VCSIA Winner — Cynthia Okoye
All through my academic journey, I have been blessed with great teachers and mentors — people who saw great potential in me even when I could not see it and did all that they could to support me. It has only been recently, several years later, that I have realized how fortunate I was and am. And that my
experience is not usually the average experience.
Every progression I have made since high school in Lagos, Nigeria has been heavily influenced by a mentor figure in my life. In all cases, they reached out to me first because they genuinely cared about my progress and my future. It was my school principal who urged me to apply to the A-levels program in
South Africa which I received a generous scholarship to attend. In A-levels, it was my advisor who first told me about the US college which I received a generous scholarship to attend. And in college, it was my Chemistry professor who encouraged me to apply to Cambridge for my Ph.D. which I did and ended up receiving a Gates Cambridge scholarship to attend. The amazing support that I have received along the way is an integral part of my story.
In many ways, I have defied the odds because as a young Black African woman, the statistics say that it is very unlikely that I should be where I am today. And this is a major reason why I am deeply passionate about mentorship and efforts to improve equality, diversity, and inclusion. I hope that through my efforts, others can receive kindness and support as I did. But beyond my personal reasons, a more equal and inclusive world is a great thing that we should all work towards.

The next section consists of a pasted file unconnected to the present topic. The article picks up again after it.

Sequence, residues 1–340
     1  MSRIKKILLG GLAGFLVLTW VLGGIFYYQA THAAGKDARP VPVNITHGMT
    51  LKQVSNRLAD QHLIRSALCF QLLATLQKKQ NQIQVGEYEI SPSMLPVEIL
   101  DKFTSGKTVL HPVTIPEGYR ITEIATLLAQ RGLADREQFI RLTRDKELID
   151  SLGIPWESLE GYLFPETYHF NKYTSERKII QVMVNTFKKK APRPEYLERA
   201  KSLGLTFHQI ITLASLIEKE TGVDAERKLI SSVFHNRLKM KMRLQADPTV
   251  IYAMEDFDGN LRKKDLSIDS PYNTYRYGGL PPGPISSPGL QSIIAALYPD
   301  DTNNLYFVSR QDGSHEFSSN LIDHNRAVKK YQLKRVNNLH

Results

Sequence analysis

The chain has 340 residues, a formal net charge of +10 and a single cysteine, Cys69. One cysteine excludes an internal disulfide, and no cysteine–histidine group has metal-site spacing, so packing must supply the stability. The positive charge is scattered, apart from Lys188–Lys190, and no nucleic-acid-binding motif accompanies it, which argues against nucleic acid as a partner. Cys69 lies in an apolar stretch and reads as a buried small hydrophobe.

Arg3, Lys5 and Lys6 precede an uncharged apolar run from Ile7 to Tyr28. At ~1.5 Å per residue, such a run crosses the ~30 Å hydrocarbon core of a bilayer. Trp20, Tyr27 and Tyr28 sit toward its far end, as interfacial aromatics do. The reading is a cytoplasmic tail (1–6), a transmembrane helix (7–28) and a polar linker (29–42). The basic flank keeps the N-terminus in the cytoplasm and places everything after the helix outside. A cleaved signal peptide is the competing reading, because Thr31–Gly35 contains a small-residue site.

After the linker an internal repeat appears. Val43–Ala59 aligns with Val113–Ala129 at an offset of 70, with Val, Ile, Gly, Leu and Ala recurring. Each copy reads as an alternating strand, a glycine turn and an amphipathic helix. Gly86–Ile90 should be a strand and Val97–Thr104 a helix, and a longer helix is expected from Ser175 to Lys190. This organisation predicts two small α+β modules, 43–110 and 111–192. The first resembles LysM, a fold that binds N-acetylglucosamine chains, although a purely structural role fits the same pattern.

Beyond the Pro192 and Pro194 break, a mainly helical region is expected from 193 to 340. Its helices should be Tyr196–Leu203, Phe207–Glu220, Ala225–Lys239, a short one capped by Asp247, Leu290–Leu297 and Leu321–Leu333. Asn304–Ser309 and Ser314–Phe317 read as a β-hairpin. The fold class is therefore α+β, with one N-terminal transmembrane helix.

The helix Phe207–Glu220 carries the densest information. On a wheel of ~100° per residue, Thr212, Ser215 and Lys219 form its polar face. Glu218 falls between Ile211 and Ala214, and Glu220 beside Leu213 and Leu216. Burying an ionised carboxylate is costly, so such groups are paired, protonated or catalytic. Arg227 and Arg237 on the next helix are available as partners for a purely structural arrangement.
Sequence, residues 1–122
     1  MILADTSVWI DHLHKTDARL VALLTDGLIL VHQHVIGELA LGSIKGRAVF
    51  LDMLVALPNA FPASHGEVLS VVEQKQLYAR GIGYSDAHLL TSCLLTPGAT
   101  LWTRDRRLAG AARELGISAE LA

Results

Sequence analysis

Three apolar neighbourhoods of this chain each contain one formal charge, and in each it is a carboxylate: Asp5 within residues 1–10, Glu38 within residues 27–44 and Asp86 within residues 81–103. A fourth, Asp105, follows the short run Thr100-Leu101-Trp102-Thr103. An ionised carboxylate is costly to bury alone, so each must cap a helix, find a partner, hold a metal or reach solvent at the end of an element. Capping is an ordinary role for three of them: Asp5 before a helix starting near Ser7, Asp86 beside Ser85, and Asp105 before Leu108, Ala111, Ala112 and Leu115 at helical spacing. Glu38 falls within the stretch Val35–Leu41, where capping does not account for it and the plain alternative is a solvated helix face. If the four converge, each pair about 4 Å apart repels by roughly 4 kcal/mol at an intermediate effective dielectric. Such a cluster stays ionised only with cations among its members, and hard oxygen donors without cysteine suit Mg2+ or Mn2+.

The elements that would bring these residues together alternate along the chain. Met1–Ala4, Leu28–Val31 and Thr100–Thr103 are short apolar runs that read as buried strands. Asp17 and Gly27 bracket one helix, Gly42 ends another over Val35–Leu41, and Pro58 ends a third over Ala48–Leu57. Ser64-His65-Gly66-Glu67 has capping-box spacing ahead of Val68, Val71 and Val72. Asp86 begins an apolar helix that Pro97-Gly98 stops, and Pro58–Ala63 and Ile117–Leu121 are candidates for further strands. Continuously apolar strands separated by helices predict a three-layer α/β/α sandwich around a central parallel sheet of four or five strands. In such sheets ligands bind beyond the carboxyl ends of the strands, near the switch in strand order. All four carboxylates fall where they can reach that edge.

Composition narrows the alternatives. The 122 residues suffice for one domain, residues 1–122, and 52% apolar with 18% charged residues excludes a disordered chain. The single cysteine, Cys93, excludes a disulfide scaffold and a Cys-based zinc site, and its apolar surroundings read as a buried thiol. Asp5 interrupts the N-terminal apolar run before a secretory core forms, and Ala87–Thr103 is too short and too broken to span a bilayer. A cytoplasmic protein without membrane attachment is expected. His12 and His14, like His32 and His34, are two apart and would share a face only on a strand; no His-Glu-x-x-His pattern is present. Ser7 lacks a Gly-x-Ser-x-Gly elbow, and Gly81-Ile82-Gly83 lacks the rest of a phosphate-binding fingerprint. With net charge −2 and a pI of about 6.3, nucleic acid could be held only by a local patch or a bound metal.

I try to serve as a mentor both informally and formally. I have been a mentor in programs such as the BMGA Fellows Programme, the Black Girl STEM Mentorship program, and the 2021 Experience Postgrad Life Sciences program in which I have provided support on topics ranging from graduate school applications to navigating relationships. I also work as a session leader with the outreach arm of the Cambridge Admissions Office where I occasionally deliver taster sessions to A-level students aspiring to attend university. So far, I have found mentoring and teaching to be nothing short of rewarding.
In the 2020–2021 academic year, I served as Co-President of the African Society of Cambridge University (ASCU). It was during this time that I pioneered the ASCU mentorship program in collaboration with Africa of Our Dream Initiative (AODI). The formal establishment of the program was in response to my findings that Africans consist only about two percent of the international students at Cambridge. The program was to be led by ASCU in order to leverage resources from the university as well as to ensure
the credibility and sustainability of the program. The mentorship program provided guidance and support on the Cambridge application process for postgraduate applicants from Africa. I was instrumental in setting up and facilitating the core team, reading mentee applications, matching mentees to mentors, organizing general information sessions with panelists from the Cambridge community, raising funds to cover the application fees of mentees with demonstrated financial hardship, and serving as a mentor myself. So far, over a dozen mentees have received admission offers, and two have received full scholarships worth over £250,000. Plans for a second edition of the
mentorship program are already underway. This time I am serving in an advisory capacity to the core team and also as a mentor.
I hope to continue playing my small bit in the race towards equality and inclusion and I am honored that my efforts have been recognized in the VC social impact awards.